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The Soon to be New Life Chapter in Our Lives, part two

All that I previously related happened about 15-18 years ago. If you don’t know what I’m talking about, read the first part. It is integral to understanding this part.

To take off from where I left off, I’ve had a special sadness in my heart in regard to what I lost. Okay, it isn’t about me and never will be, so I’m selfish, but that sadness has still plagued me for at least the last 15 years. When you love someone so unconditionally, losing them has an impact.

I loved Asti so much that my life expectations revolved around her. As I was repeatedly reminded in many ways, love is never wrong. God is love. My selfish expectations were what is wrong.

I prayed again and again that someday, I might see Asti again. I prayed that I could tell her that I love her before I die and return home. Although my faith continues to grow, at times I didn’t think that this would ever be an answered prayer and that God couldn’t make it happen. (Are you kidding me? There is literally nothing that God can’t do.) 

Early this year, Cat was put in touch with Asti, who was looking for her biological mother. Lord help me, I’m crying as I write. It is hard to see the keyboard.

At the time of the first contact, Asti was 17, soon to be 18 (as of late June). Asti was in a bad situation with her adoptive dad. Her adoptive mother passed away last year and dad has remarried. Asti plays second fiddle to everyone in the home. After several exchanges with Cat and with myself, she has asked to come home to us. Naturally, her adoptive father is completely against the idea, having believed the stuff CSD in Oregon told him and not realizing that they were only after money, not the welfare of a child.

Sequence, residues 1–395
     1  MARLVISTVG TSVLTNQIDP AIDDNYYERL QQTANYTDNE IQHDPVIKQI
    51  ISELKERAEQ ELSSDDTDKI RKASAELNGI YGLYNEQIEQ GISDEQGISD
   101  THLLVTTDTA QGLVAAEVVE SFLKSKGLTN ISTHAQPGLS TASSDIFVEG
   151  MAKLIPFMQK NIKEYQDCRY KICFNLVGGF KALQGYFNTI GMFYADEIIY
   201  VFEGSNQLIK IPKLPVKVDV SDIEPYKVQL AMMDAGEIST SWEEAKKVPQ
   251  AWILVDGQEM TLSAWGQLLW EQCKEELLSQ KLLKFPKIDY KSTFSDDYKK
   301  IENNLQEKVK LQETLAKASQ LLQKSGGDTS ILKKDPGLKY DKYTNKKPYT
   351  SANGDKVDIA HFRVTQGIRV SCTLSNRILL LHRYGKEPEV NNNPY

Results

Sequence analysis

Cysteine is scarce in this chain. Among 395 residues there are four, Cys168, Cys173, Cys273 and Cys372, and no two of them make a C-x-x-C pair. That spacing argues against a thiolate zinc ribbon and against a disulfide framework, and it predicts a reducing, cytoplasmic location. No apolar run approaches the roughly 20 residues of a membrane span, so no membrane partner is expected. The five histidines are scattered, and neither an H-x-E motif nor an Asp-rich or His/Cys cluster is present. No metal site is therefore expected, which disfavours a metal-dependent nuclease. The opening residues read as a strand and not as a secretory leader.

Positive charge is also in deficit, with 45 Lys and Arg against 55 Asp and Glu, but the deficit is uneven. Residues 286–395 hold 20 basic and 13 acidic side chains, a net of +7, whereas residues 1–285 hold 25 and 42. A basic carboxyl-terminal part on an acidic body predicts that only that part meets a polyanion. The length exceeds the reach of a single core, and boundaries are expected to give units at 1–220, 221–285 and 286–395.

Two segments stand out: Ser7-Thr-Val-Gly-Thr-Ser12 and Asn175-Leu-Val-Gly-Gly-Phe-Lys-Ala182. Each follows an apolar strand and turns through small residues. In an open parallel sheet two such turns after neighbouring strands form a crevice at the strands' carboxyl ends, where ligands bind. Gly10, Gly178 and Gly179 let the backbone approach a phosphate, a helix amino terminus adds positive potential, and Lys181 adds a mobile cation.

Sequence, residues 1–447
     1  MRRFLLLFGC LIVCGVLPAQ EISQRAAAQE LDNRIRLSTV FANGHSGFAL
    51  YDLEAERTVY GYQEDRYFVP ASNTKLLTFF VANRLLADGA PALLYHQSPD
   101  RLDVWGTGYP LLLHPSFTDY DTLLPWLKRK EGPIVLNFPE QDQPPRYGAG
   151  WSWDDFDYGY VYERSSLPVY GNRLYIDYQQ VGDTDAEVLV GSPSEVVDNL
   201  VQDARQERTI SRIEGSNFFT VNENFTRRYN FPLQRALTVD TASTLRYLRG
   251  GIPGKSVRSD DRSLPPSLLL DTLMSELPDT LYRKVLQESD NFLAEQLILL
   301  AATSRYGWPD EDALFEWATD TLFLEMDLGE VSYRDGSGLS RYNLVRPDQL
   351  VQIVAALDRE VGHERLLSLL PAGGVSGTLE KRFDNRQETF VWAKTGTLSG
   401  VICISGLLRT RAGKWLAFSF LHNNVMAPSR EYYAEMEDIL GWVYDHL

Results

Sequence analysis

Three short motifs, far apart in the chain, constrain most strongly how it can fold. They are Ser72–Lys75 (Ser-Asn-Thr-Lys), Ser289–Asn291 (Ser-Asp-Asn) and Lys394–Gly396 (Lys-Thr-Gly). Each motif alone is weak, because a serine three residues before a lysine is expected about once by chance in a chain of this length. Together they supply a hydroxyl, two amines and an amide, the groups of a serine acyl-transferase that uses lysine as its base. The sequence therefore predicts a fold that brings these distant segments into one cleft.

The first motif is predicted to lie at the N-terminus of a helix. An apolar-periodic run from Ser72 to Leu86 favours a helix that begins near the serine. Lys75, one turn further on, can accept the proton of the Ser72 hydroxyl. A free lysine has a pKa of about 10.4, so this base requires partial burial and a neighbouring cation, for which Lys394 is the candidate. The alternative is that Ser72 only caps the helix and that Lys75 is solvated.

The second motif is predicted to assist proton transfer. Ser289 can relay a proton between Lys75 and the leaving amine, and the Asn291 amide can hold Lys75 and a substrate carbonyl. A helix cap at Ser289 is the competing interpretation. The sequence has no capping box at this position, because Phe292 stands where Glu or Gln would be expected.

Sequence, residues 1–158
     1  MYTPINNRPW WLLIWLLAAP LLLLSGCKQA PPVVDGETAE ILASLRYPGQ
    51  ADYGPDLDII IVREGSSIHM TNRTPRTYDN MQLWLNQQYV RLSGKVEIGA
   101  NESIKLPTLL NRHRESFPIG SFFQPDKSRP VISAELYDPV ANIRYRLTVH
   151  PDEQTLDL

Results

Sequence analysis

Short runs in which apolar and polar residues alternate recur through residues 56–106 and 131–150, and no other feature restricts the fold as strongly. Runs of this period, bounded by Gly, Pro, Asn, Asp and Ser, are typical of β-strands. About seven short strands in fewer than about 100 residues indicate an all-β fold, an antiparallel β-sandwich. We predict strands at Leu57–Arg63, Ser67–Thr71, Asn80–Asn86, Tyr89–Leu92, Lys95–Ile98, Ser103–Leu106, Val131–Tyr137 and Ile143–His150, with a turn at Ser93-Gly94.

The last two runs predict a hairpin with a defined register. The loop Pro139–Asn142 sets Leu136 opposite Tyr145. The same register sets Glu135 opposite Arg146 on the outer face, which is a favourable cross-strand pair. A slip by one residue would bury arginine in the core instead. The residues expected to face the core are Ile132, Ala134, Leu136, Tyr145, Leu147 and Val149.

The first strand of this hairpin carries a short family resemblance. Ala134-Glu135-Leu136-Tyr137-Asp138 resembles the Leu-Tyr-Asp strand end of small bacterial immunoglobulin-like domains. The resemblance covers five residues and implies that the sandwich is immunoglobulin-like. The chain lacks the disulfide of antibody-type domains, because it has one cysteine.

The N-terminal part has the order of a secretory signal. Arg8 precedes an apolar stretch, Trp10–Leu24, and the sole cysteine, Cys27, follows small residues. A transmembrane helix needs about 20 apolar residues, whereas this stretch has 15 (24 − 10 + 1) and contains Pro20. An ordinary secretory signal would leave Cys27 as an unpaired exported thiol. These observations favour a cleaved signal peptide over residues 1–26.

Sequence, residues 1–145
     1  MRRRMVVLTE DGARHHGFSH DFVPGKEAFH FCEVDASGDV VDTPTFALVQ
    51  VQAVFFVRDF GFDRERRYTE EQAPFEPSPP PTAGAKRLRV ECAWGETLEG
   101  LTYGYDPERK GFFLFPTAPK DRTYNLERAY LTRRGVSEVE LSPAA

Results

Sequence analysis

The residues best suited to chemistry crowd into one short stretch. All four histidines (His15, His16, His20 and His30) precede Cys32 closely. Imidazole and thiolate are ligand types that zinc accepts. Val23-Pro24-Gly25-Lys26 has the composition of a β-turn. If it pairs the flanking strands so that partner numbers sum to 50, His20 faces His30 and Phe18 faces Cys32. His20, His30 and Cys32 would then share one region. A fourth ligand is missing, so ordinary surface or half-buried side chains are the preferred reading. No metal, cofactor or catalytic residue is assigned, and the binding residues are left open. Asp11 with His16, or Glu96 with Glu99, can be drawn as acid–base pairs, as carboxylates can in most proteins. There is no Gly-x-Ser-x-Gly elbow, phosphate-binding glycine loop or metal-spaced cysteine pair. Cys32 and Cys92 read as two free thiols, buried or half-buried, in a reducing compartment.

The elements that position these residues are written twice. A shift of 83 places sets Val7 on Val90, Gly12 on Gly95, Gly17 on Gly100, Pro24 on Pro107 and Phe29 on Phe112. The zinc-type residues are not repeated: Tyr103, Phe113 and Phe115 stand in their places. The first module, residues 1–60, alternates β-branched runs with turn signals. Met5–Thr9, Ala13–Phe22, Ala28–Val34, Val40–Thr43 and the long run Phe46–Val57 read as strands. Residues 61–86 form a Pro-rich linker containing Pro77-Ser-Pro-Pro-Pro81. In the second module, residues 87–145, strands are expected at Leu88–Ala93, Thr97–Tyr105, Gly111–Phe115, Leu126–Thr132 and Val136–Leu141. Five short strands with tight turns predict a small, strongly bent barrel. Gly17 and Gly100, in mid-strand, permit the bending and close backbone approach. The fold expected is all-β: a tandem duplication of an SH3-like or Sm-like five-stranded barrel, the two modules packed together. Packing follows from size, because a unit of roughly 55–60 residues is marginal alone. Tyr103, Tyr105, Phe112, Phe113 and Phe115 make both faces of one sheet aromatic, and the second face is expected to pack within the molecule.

Asti is a legal adult now. She has many of the same issues her mom had in the past. It will be a difficult transition for all of us. But in the next couple of weeks, we will be making the 1,200 mile trip from here to Pueblo, Colorado, where Asti currently lives, to pick her up and bring her home. 

I’m an old man now and I can’t offer her the standard of living that she might be accustomed to, but I can offer her the agape love that has never changed through all those years. I don’t know what we will encounter when we get there. If you are predisposed to offering prayers, I ask for you to pray for us.

I’m certain that there will be difficulties to overcome. That comes with life in general, especially in situations like this. Truthfully, I feel inadequate, but I have love to sustain me and I am excited about this new chapter in our lives.

All of this is something very few people know about my life and my past. Incidentally, the picture is of Asti and she is the spitting image of her mom at that age. She thinks she is ugly. I think she is beautiful. Can you see the Cherokee in her?

What do you think?

12 points
Legend

Written by Rex Trulove

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15 Comments